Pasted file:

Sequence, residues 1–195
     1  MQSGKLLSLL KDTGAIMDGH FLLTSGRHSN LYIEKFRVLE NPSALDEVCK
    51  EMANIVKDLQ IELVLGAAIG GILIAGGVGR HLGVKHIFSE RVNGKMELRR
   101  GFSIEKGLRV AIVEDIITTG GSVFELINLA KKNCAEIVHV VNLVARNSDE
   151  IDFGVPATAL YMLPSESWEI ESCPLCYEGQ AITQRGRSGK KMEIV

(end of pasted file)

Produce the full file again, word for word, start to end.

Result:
Sequence, residues 1–195
     1  MQSGKLLSLL KDTGAIMDGH FLLTSGRHSN LYIEKFRVLE NPSALDEVCK
    51  EMANIVKDLQ IELVLGAAIG GILIAGGVGR HLGVKHIFSE RVNGKMELRR
   101  GFSIEKGLRV AIVEDIITTG GSVFELINLA KKNCAEIVHV VNLVARNSDE
   151  IDFGVPATAL YMLPSESWEI ESCPLCYEGQ AITQRGRSGK KMEIV